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2016/17 Taught Postgraduate Module Catalogue

HPSC5320M Science and Religion Historically Considered

30 creditsClass Size: 50

Module manager: Chris Kenny
Email: c.j.kenny@leeds.ac.uk

Taught: Semester 1 View Timetable

Year running 2016/17

This module is not approved as an Elective

Module summary

If the module recruits three or fewer students, it will be delivered via 3 hours of supervision with the module leader (instead of the format specified below).

Objectives

On completion of this module students will have developed an adequate knowledge of a number of historical topics at the intersection of science and religion, such as the Galileo Affair and responses to Darwin's theory. Students will be conversant with a wide range of primary and secondary sources. Moreover, they will possess a critical understanding of the various theses that have been advanced to account for the inter-relation between science and religion, especially the widely canvassed 'conflict thesis'. They will also be able to use the historical material discussed in the module to evaluate these. From an appreciation of the history of science and religion, they will be able to make informed and critical responses to contemporary discussions of the subject.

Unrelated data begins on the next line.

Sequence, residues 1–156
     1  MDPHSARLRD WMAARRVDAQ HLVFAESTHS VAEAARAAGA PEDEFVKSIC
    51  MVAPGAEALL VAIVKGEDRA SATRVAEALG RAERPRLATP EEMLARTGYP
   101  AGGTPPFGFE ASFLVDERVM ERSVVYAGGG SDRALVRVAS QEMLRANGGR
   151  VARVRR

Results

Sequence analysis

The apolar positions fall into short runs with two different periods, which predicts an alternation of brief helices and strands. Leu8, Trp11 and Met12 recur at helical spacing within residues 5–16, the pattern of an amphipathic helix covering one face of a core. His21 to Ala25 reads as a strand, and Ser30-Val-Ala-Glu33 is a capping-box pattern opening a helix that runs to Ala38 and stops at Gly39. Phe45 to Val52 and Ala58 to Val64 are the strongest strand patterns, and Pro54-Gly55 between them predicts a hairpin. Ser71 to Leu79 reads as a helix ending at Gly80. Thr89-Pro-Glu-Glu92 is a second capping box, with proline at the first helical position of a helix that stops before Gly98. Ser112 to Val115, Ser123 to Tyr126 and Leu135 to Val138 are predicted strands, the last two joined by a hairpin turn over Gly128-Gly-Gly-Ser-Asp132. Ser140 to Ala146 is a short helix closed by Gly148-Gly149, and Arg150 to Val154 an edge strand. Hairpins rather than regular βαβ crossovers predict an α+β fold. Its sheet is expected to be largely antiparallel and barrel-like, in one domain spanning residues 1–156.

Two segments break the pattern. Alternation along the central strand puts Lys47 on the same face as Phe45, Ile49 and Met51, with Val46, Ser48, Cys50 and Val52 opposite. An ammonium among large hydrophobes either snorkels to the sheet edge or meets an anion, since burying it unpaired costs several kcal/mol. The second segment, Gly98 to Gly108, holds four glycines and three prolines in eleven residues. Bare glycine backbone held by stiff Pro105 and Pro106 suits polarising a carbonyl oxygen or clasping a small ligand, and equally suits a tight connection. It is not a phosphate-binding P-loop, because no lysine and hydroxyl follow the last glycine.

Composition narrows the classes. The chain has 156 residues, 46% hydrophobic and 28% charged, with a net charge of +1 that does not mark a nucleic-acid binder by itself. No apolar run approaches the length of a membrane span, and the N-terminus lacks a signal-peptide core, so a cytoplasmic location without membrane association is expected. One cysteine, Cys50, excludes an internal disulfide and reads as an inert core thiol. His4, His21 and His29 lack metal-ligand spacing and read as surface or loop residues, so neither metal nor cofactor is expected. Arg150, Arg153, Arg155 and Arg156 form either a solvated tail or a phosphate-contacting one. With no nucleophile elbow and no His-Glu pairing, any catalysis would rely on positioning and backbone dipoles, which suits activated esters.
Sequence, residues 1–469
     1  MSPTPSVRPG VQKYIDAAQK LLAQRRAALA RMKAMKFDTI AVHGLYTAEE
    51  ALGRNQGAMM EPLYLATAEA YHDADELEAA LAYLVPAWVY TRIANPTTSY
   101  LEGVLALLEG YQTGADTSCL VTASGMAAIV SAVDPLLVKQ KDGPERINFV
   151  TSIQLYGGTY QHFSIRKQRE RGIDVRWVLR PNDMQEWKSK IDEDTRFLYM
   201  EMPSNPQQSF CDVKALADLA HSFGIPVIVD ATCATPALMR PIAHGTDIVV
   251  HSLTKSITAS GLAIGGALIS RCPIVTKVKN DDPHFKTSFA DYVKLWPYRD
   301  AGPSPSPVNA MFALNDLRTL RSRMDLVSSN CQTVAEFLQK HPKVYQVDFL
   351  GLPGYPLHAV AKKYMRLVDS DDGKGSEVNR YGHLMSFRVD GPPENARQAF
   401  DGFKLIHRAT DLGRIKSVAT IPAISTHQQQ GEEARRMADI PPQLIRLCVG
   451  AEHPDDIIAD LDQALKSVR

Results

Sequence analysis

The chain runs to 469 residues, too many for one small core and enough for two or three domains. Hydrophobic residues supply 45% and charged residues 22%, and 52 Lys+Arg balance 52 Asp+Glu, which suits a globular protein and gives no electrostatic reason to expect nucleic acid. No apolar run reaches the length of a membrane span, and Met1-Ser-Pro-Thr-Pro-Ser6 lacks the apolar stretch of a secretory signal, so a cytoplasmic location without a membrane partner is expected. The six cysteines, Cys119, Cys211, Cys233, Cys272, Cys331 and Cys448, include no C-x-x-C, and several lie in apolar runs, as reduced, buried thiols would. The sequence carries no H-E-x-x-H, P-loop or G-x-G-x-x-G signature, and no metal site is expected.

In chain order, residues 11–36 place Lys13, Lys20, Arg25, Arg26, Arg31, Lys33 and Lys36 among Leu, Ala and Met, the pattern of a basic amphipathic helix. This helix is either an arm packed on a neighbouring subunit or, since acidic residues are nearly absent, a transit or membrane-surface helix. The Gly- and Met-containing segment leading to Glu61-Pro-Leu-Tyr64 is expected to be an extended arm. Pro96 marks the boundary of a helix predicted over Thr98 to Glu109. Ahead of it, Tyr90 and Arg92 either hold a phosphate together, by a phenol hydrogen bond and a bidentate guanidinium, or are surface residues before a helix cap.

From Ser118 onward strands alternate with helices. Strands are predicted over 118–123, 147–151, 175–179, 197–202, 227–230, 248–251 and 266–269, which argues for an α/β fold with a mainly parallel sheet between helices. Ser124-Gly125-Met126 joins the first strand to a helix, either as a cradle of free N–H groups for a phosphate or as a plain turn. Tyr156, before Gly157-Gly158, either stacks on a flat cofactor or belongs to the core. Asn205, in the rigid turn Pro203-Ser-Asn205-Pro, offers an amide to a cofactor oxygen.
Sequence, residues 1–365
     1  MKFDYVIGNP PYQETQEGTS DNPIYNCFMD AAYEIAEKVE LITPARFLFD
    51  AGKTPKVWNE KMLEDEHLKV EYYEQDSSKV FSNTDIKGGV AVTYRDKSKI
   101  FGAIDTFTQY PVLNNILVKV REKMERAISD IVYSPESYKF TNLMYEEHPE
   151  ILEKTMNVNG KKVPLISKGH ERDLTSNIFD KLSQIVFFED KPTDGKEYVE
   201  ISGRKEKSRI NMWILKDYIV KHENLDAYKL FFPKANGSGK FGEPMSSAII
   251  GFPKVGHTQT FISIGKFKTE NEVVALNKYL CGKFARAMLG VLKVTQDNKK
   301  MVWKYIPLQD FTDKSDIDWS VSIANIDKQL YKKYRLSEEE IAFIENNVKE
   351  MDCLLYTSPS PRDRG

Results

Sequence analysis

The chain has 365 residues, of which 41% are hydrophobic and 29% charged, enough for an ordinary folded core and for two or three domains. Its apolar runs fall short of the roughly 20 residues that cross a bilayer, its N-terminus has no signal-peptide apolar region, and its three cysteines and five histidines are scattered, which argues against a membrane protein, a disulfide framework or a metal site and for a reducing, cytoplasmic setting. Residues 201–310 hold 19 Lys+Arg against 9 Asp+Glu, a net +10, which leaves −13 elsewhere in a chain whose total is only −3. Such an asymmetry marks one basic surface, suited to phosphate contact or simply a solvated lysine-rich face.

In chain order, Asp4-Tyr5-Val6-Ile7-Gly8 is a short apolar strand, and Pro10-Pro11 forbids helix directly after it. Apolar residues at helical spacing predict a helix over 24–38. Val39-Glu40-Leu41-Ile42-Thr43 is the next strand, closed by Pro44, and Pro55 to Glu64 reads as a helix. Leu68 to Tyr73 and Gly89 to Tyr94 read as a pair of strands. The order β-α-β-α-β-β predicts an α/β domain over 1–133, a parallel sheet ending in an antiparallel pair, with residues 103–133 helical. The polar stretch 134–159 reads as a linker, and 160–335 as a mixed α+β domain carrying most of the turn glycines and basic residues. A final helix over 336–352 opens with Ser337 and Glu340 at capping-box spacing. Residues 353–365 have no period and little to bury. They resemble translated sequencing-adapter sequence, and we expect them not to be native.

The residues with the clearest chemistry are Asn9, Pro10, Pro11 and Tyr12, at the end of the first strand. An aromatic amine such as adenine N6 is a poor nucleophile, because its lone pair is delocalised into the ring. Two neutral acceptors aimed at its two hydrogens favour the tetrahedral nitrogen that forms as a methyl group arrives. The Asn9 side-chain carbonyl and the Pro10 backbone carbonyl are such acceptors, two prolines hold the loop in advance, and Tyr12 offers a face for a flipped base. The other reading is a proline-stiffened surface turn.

Syllabus

In this module a number of case studies will be presented which illustrate some of the main ways in which science and religion have interrelated since the 'scientific revolution' of the 17th century. Close attention will be paid in each case study to the specific historical circumstances. The material presented in these cases will also be used to critically evaluate general claims that have be made about the science-religion interaction, such as the widely canvassed 'conflict thesis'. The Galileo Affair and responses to Darwin's theory of evolution are two of the best known topics, in both cases the research has provided new and challenging interpretations. Among the other topics to be discussed are the implications of the mechanical philosophy of the 17th century, the Quaker movement in science and current controversies over asceticism (as advocated by Richard Dawkins et al). As well as weekly lectures students will participate in a weekly seminar directed to major problems in each of the topic areas covered in the lectures.

Teaching methods

Delivery typeNumberLength hoursStudent hours
Consultation11.001.00
Lecture111.0011.00
Tutorial81.008.00
Private study hours280.00
Total Contact hours20.00
Total hours (100hr per 10 credits)300.00

Opportunities for Formative Feedback

2 x 3,000 word essays

Methods of assessment


Coursework
Assessment typeNotes% of formal assessment
EssayTwo essays of 3,000 words each weighted 50% of total assessment.100.00
Total percentage (Assessment Coursework)100.00

Normally resits will be assessed by the same methodology as the first attempt, unless otherwise stated

Reading list

The reading list is available from the Library website

Last updated: 12/10/2016

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